Any time a diet regimen requires consuming only a few types of foods, it runs the risk of becoming a fad diet. The term “fad diet” refers to idiosyncratic diets that promote short-term weight loss and often are suggested as a means of detoxification and improving health.
Some fad diets use the word “fast” because the participant stops eating all foods except for what is specified in the diet plan, or because the diet incorporates periods of fasting. As explained previously, this is a modified diet—not a fast—in that food is being consumed. These types of fad diet plans can pose a serious health risk for some individuals.
For example, whey fasting usually consists of drinking only whey, a protein derived that is from milk. Although whey is rich in protein, vitamins, and minerals, the lactose stimulates digestion and can have a laxative effect.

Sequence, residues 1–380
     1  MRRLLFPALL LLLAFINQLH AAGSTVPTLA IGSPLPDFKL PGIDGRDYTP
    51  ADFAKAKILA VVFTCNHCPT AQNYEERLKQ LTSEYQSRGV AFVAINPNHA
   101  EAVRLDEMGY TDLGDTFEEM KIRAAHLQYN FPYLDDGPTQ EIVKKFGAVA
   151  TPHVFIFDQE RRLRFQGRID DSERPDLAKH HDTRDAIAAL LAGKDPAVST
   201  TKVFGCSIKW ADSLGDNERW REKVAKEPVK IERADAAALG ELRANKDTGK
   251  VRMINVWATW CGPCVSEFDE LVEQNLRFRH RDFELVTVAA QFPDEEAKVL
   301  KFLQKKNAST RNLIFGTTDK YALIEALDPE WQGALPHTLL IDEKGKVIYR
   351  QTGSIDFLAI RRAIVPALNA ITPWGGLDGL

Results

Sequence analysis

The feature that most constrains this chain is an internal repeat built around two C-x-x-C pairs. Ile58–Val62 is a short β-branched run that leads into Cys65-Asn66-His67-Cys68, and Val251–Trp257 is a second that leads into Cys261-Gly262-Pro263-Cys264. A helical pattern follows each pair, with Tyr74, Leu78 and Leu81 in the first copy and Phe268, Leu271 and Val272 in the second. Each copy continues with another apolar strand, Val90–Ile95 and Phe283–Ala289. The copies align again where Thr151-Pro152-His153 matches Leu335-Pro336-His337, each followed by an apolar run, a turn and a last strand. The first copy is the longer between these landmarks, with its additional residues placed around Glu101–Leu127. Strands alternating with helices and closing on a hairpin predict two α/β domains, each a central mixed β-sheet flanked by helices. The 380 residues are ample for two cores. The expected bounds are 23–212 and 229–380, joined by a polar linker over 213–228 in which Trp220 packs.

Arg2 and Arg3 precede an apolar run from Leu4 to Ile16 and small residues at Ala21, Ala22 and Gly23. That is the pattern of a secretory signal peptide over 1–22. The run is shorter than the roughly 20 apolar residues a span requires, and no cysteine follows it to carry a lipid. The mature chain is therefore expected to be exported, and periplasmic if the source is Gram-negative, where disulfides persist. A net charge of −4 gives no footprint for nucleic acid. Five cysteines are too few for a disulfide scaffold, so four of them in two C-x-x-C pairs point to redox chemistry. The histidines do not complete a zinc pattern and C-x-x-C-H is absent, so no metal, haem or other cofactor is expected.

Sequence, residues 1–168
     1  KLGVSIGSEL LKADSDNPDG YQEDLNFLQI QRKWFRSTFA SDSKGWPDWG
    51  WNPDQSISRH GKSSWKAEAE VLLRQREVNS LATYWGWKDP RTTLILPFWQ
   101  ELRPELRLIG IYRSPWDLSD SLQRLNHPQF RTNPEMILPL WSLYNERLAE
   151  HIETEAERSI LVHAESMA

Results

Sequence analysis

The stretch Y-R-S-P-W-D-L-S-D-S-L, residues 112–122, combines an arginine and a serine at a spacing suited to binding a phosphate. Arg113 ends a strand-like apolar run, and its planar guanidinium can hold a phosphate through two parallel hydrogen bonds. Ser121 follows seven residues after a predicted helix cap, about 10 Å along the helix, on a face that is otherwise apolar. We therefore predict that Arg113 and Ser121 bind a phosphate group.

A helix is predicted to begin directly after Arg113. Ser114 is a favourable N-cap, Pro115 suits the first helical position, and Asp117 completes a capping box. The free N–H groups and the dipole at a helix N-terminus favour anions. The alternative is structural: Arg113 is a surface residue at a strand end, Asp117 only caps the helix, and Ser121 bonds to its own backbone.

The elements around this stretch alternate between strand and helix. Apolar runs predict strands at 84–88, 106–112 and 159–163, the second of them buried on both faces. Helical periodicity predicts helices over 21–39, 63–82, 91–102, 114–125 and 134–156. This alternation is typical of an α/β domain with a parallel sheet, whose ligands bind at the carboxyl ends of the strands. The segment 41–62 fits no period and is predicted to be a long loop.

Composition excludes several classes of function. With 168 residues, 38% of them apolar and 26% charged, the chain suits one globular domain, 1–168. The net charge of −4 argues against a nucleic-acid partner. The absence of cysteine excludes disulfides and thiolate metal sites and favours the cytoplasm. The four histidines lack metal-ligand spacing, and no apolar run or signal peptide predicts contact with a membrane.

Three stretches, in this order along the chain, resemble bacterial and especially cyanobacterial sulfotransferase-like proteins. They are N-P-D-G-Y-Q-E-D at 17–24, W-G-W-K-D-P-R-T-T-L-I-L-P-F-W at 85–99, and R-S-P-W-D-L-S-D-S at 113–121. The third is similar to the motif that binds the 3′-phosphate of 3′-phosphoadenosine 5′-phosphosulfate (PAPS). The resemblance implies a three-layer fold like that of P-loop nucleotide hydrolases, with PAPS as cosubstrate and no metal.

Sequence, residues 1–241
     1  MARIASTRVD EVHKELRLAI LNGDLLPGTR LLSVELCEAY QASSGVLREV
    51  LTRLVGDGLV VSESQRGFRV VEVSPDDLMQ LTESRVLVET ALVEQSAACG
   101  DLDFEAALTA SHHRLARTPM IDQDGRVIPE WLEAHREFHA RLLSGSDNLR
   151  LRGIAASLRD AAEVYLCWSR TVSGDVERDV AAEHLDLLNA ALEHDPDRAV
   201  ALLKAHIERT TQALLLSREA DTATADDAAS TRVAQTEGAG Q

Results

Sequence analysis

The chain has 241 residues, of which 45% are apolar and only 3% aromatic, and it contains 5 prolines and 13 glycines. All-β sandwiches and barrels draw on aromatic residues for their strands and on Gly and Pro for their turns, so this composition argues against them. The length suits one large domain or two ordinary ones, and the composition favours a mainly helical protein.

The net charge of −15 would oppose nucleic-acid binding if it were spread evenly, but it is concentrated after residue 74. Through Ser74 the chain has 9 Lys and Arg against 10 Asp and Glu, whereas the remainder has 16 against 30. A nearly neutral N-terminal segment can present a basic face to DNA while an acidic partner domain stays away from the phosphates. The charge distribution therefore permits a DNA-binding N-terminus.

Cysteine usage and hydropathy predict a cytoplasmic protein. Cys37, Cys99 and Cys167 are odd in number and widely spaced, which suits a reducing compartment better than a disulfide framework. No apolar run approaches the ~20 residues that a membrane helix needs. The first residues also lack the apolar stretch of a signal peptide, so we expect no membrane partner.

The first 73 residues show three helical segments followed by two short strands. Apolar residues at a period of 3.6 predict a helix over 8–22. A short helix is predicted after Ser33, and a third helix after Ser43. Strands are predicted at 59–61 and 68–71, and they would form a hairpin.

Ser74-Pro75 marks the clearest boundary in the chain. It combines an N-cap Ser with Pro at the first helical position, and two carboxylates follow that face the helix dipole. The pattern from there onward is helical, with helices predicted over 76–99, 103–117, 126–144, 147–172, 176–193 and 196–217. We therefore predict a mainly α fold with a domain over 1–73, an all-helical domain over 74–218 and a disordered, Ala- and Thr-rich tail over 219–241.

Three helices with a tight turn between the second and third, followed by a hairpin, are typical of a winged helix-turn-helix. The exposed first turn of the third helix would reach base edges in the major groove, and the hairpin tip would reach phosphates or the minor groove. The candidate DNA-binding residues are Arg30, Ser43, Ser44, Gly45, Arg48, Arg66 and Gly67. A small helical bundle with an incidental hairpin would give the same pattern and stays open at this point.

Furthermore, too much protein and not enough fiber can lead to digestive issues such as constipation. Whey protein isolates are highly acid-forming and can cause low-grade metabolic acidosis, a buildup of acid in bodily fluids that can lead to kidney stones. Similar problems and nutritional imbalances can be encountered using prepared medical foods.
Programs that involve the consumption of prepared medical or functional powdered foods lack the whole foods needed for a healthful diet. Like juice fasting and the master cleanse, these approaches are not the equivalent of water-only fasting because they involve the intake of substances other than water.